Building Big Bento
Our San Francisco office recently joined forces with a local elementary school to compete in a creative sandcastle contest. For this year’s food-based theme, students worked with SOM experts to realize their idea of a bento box sand sculpture while learning about the architectural design process. We’re proud of the “SANDchefs” team! Learn more Building Big Bento
Our San Francisco office recently joined forces with a local elementary school to compete in a creative sandcastle contest. For this year’s food-based theme, students worked with SOM experts to realize their idea of a bento box sand sculpture while learning about the architectural design process. We’re proud of the “SANDchefs” team! Learn more Building Big Bento
Our San Francisco office recently joined forces with a local elementary school to compete in a creative sandcastle contest. For this year’s food-based theme, students worked with SOM experts to realize their idea of a bento box sand sculpture while learning about the architectural design process. We’re proud of the “SANDchefs” team! Learn more

Building Big Bento

Our San Francisco office recently joined forces with a local elementary school to compete in a creative sandcastle contest. For this year’s food-based theme, students worked with SOM experts to realize their idea of a bento box sand sculpture while learning about the architectural design process. We’re proud of the “SANDchefs” team! Learn more

Responding to Light
Singapore’s Changi Airport is a key transportation hub in Southeast Asia and one of the busiest passenger and cargo airports in the world. Terminal 3, designed by SOM, is a steel-and-glass structure with four above-ground levels and a 9-hectare roof that spans ticketing, departure, and arrival areas. 
One of the terminal’s most spectacular features is an aesthetically pleasing overhead light modulation system. Thousands of sensor-driven aluminum louvers both diffuse and reflect light to provide a uniform pattern of illumination throughout the space, minimizing lighting and cooling costs. Responding to Light
Singapore’s Changi Airport is a key transportation hub in Southeast Asia and one of the busiest passenger and cargo airports in the world. Terminal 3, designed by SOM, is a steel-and-glass structure with four above-ground levels and a 9-hectare roof that spans ticketing, departure, and arrival areas. 
One of the terminal’s most spectacular features is an aesthetically pleasing overhead light modulation system. Thousands of sensor-driven aluminum louvers both diffuse and reflect light to provide a uniform pattern of illumination throughout the space, minimizing lighting and cooling costs. Responding to Light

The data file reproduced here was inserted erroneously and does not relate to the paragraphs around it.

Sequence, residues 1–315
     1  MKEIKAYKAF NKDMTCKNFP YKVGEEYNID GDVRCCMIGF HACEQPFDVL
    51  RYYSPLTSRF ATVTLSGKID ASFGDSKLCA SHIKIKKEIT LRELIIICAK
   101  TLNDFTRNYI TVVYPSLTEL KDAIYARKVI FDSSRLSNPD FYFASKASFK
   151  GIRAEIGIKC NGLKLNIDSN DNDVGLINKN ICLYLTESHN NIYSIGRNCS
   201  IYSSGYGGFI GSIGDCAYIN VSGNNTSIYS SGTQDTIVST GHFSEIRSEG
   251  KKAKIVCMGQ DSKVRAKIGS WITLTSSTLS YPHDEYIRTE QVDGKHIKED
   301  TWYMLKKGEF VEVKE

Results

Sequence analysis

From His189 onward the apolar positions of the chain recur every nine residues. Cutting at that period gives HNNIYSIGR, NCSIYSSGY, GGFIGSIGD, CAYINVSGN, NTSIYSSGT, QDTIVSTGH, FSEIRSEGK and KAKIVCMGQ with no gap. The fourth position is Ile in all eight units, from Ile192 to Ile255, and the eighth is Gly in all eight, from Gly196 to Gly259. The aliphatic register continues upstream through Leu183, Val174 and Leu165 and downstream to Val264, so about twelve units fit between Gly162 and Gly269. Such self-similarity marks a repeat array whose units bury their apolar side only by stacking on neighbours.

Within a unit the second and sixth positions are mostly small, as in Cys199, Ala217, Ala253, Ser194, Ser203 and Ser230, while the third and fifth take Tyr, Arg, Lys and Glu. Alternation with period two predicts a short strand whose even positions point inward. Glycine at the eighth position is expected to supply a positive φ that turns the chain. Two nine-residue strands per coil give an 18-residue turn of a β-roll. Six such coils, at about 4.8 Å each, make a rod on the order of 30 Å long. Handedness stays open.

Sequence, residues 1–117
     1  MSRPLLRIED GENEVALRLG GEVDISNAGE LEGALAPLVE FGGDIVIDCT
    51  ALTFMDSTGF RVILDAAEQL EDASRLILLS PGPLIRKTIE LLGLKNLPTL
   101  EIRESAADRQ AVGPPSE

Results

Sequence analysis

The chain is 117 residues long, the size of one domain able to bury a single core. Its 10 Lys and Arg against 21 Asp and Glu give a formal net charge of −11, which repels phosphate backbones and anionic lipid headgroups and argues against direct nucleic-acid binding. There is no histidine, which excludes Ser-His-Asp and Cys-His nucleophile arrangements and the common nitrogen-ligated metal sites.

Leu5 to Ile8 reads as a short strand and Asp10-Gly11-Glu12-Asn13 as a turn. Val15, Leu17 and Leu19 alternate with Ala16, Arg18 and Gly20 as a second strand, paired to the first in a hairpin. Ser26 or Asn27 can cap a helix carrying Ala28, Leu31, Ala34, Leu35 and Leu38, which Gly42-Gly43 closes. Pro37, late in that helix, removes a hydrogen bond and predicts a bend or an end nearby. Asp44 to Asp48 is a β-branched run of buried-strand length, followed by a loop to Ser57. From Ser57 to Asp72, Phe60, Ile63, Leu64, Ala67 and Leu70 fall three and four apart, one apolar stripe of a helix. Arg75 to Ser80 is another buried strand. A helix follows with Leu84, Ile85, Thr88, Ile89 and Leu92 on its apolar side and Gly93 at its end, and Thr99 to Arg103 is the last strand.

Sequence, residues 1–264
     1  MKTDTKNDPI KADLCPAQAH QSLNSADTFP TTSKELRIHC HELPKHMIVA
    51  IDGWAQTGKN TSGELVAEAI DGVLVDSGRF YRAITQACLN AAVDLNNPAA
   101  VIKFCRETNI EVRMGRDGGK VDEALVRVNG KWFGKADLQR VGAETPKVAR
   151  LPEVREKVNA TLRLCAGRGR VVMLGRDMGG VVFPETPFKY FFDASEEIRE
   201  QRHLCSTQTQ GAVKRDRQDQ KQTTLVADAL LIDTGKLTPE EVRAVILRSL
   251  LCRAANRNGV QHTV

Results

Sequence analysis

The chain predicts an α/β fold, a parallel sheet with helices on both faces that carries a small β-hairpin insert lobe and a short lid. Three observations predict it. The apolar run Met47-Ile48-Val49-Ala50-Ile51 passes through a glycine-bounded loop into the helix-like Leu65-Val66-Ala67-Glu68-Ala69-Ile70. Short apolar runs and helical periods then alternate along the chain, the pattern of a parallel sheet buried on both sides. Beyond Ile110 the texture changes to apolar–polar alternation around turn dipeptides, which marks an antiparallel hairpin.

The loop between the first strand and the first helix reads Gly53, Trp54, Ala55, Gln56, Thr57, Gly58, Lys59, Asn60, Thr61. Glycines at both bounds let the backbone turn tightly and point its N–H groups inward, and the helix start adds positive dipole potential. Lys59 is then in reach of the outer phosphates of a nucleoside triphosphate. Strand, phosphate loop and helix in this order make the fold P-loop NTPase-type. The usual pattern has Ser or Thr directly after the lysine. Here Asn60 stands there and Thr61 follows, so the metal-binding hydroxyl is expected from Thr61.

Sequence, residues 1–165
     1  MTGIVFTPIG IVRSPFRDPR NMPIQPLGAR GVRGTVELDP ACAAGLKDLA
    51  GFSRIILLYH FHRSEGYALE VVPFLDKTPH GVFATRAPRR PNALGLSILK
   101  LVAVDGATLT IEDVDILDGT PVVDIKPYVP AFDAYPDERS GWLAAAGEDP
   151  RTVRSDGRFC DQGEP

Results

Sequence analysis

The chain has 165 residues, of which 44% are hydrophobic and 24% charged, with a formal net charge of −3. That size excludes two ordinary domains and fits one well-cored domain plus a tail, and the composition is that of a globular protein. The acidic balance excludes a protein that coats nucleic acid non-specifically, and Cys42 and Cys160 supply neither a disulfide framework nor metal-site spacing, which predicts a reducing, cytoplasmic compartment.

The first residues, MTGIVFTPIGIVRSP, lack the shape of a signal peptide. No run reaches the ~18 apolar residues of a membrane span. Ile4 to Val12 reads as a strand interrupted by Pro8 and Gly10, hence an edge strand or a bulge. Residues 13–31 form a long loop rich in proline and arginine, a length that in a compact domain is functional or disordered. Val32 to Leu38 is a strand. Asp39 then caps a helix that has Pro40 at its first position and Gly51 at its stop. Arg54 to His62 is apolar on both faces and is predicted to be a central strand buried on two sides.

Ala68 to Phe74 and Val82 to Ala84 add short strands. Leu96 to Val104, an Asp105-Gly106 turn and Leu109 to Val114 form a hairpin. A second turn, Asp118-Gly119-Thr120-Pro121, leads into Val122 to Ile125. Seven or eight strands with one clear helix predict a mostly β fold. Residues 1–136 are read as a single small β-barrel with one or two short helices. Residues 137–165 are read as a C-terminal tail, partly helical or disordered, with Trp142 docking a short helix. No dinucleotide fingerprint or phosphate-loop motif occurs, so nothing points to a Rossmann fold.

Singapore’s Changi Airport is a key transportation hub in Southeast Asia and one of the busiest passenger and cargo airports in the world. Terminal 3, designed by SOM, is a steel-and-glass structure with four above-ground levels and a 9-hectare roof that spans ticketing, departure, and arrival areas. 
One of the terminal’s most spectacular features is an aesthetically pleasing overhead light modulation system. Thousands of sensor-driven aluminum louvers both diffuse and reflect light to provide a uniform pattern of illumination throughout the space, minimizing lighting and cooling costs.

Responding to Light

Singapore’s Changi Airport is a key transportation hub in Southeast Asia and one of the busiest passenger and cargo airports in the world. Terminal 3, designed by SOM, is a steel-and-glass structure with four above-ground levels and a 9-hectare roof that spans ticketing, departure, and arrival areas. 

One of the terminal’s most spectacular features is an aesthetically pleasing overhead light modulation system. Thousands of sensor-driven aluminum louvers both diffuse and reflect light to provide a uniform pattern of illumination throughout the space, minimizing lighting and cooling costs.

Illustrating Inland Steel
When completed in 1958, the Inland Steel Building became the archetype for the American office. With no interior columns, each floor could be completely customized to the tenant’s liking. The Chicago Architecture Foundation recently highlighted the building as part of its Skyline Stories video series. Watch the video Illustrating Inland Steel
When completed in 1958, the Inland Steel Building became the archetype for the American office. With no interior columns, each floor could be completely customized to the tenant’s liking. The Chicago Architecture Foundation recently highlighted the building as part of its Skyline Stories video series. Watch the video Illustrating Inland Steel
When completed in 1958, the Inland Steel Building became the archetype for the American office. With no interior columns, each floor could be completely customized to the tenant’s liking. The Chicago Architecture Foundation recently highlighted the building as part of its Skyline Stories video series. Watch the video

Illustrating Inland Steel

When completed in 1958, the Inland Steel Building became the archetype for the American office. With no interior columns, each floor could be completely customized to the tenant’s liking. The Chicago Architecture Foundation recently highlighted the building as part of its Skyline Stories video series. Watch the video